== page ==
Call this the June 24 mystery, the day ostensibly that final orders with opinions are issued in cases argued in the court’s term that ends in August.
Two of those cases were State of Texas v. Volkswagen Aktiengesellschaft (“public limited company”) and Texas v. Audi Aktiengesellschaft, involving VW and Audi’s special appearances contesting personal jurisdiction in the so-called emissions-cheating cases.
But on the court’s orders that Friday were two notable developments. The VW and Audi cases were abated. The order noted two justices recused: Jimmy Blacklock, who did not participate when the cases were argued in February, and Evan Young, who did. The last-minute abatement order was the first notice that Young removed himself from the case.
The court does not disclose a justice’s reasons for recusal. Justice Young said he would respect the court’s confidential deliberations, which in the absence of more certain information seems to suggest the decision to recuse might not have been his alone or that he consulted his colleagues on whether he had a conflict.
But from the court’s case information this much may be deduced: Young’s recusal evidently was at the last minute and led to its own conflict when, on the same day, Chief Justice Nathan L. Hecht asked Gov. Greg Abbott to commission two special justices. That was a sign that the court was locked without five justices. The lead counsel for the automakers, Jeffrey Wall of Sullivan & Cromwell’s Washington, D.C., office, cried foul because, he argued, by appointing tie-breaking justices Abbott was stacking the deck in the state’s favor – that is, the governor was violating due process by choosing justices in a high-stakes case against the state.
“Against that backdrop of state and federal law,” Wall wrote Chief Justice Hecht, “Governor Abbott may not permissibly commission judges to hear these cases. The State is the plaintiff in these suits, and allowing the State (through its Governor) to shape the composition of the tribunal would effectively allow the State to be the judge of its own cause.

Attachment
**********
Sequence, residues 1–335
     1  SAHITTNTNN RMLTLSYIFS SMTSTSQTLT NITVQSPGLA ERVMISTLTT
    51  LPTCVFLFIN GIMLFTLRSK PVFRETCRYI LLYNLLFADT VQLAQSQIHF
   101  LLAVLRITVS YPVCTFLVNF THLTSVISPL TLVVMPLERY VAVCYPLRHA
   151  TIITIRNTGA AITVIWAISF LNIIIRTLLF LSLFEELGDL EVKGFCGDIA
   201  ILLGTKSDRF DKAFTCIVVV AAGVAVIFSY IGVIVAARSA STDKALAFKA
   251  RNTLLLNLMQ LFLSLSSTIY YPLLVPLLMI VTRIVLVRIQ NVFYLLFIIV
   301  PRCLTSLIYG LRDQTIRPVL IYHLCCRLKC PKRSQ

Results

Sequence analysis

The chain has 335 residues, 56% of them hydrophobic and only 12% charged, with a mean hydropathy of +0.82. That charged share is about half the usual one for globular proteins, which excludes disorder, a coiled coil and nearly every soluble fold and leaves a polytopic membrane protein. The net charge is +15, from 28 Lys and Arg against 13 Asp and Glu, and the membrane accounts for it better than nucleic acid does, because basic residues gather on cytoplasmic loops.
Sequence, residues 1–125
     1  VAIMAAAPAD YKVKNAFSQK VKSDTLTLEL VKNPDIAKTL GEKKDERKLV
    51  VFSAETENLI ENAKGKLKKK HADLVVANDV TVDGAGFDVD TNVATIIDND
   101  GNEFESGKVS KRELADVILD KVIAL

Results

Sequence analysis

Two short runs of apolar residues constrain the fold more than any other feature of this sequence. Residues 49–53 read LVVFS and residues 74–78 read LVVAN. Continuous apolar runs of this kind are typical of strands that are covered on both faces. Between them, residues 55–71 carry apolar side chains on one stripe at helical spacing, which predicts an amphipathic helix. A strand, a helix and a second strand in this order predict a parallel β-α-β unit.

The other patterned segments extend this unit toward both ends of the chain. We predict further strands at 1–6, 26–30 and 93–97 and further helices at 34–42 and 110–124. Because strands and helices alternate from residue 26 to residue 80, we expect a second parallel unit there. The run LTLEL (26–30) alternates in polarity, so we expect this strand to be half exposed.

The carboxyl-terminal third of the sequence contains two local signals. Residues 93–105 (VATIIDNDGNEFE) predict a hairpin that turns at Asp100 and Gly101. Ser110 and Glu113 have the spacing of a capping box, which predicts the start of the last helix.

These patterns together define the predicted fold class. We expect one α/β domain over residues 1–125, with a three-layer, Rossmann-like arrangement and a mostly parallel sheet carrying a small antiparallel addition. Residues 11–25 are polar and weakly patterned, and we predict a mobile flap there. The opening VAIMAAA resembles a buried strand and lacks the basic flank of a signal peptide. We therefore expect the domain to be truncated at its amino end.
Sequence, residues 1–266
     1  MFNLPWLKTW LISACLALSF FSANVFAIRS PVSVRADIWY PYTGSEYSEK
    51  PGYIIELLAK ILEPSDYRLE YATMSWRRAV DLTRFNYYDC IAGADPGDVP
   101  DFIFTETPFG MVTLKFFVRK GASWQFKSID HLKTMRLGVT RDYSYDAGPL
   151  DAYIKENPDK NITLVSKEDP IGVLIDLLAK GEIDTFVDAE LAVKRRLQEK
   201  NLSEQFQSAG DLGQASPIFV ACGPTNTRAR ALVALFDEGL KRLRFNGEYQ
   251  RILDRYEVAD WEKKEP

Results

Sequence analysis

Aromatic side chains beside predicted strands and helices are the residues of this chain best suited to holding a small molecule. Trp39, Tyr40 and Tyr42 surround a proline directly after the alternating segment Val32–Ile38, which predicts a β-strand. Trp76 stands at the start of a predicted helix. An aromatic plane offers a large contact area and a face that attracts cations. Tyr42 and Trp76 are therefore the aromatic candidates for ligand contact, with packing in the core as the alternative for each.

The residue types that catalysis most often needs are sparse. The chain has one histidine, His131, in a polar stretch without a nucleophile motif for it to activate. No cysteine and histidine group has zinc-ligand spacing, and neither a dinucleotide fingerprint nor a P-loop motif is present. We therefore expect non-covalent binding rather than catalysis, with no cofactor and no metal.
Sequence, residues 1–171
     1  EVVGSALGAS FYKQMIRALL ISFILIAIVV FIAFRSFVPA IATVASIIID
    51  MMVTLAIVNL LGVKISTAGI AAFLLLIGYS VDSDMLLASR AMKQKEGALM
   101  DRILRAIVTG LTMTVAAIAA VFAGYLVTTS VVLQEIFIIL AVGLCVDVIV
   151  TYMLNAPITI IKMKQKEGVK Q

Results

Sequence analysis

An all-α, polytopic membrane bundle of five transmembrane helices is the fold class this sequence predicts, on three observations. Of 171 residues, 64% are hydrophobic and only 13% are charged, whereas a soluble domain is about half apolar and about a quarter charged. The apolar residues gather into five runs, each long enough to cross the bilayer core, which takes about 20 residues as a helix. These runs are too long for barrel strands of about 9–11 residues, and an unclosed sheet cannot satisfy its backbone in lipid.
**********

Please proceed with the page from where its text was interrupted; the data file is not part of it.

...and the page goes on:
”Put differently, it should be indisputable that Attorney General Paxton could not permissibly select judges to hear these cases. Invoking Section 22.005 here [the statute allowing the chief justice to request the governor to commission special justices] thus rests entirely on the notion that asking the Governor to do the same thing is somehow different. It is not …”
At the federal level, Wall argued, “procedural due-process protections do not allow the State to select judges for its enforcement action.”
But the state itself cried foul in a response requested by Hecht by 5 p.m. Monday: “Volkswagen’s arguments hinge on the idea that the Governor is essentially a petitioner in these cases. He is not,” wrote the state’s lead counsel, Assistant Solicitor General Lisa Bennett. “Not only is the Governor not a named party in these cases, but the Governor also is not functionally a party simply because of his status as a state official. The office of the Governor exercises duties and powers separate from those of the office of the Attorney General. The Court has recognized in a variety of contexts that it is improper to conflate different officers or agencies of the State.”
Because Volkswagen’s theory that the governor effectively is the state rests on the principle that state officials’ acts are considered acts of the state for sovereign-immunity purposes, Bennett’s response continues, “this theory would extend without limit to all state agencies and officials” and leave the governor unable to commission special justices for any case in which any state agency or its officials are involved.
“That approach would be deeply unfair to the State and its agencies,” Bennett wrote, “which would be left with no recourse in the highest civil court of the State whenever recusals result in the inability of the Court to reach the five-Justice concurrence needed to decide a case.”
If the court buys VW’s argument, and remains deadlocked short of the five-justice majority the Texas Constitution requires for a decision, the court of appeals’ holding in VW and Audi’s favor could be the law of the case and the Supreme Court could dismiss it as improvidently granted. The Austin Court of Appeals held 2-1 that personal jurisdiction does not exist to allow the state to sue the German automakers on its state-law claims.
James Alfini, South Texas College of Law dean emeritus and a judicial-ethics expert, said he would be surprised that Chief Justice Hecht might not be more sensitive to the “optics” where judicial impartiality is the issue. Volkswagen’s reliance on Caperton v. Massey to ground its due-process argument, Alfini said, is important if the statute permitting the chief justice to request the governor to choose temporary justices is discretionary and not mandatory.